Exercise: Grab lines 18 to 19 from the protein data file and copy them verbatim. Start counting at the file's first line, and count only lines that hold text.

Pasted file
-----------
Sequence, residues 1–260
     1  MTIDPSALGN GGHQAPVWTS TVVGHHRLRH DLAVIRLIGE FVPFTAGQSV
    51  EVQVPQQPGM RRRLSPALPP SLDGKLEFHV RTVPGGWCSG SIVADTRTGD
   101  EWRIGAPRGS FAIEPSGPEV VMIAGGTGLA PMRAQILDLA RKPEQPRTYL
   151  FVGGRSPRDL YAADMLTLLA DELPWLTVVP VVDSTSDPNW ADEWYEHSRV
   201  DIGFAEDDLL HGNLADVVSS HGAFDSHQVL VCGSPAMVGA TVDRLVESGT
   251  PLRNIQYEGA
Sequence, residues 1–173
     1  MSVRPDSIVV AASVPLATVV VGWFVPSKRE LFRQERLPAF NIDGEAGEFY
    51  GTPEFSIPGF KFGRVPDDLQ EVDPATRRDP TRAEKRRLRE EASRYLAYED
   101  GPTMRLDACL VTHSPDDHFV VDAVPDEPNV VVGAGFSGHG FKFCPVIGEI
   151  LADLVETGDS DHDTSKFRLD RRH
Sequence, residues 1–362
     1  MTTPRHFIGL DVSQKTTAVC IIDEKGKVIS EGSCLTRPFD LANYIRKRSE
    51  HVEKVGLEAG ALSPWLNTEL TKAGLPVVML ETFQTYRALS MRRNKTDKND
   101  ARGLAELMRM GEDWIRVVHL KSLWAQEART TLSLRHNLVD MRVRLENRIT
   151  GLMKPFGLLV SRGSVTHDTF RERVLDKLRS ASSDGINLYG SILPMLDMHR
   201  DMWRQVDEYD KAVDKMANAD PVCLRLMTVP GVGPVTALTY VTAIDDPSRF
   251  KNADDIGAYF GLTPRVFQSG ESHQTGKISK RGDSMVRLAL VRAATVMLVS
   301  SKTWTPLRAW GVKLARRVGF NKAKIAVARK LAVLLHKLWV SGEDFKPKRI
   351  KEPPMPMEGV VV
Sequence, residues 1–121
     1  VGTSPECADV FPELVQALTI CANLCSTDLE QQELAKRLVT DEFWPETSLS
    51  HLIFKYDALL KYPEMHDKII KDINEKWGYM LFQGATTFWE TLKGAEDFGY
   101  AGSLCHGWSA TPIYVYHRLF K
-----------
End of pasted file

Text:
   201  DMWRQVDEYD KAVDKMANAD PVCLRLMTVP GVGPVTALTY VTAIDDPSRF
   251  KNADDIGAYF GLTPRVFQSG ESHQTGKISK RGDSMVRLAL VRAATVMLVS